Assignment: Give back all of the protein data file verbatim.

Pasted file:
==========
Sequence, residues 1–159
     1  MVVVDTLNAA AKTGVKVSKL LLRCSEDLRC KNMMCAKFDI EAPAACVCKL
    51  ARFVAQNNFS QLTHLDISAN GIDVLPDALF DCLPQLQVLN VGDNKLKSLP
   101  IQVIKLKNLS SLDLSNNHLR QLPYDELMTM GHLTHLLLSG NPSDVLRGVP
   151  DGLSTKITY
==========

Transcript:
Sequence, residues 1–159
     1  MVVVDTLNAA AKTGVKVSKL LLRCSEDLRC KNMMCAKFDI EAPAACVCKL
    51  ARFVAQNNFS QLTHLDISAN GIDVLPDALF DCLPQLQVLN VGDNKLKSLP
   101  IQVIKLKNLS SLDLSNNHLR QLPYDELMTM GHLTHLLLSG NPSDVLRGVP
   151  DGLSTKITY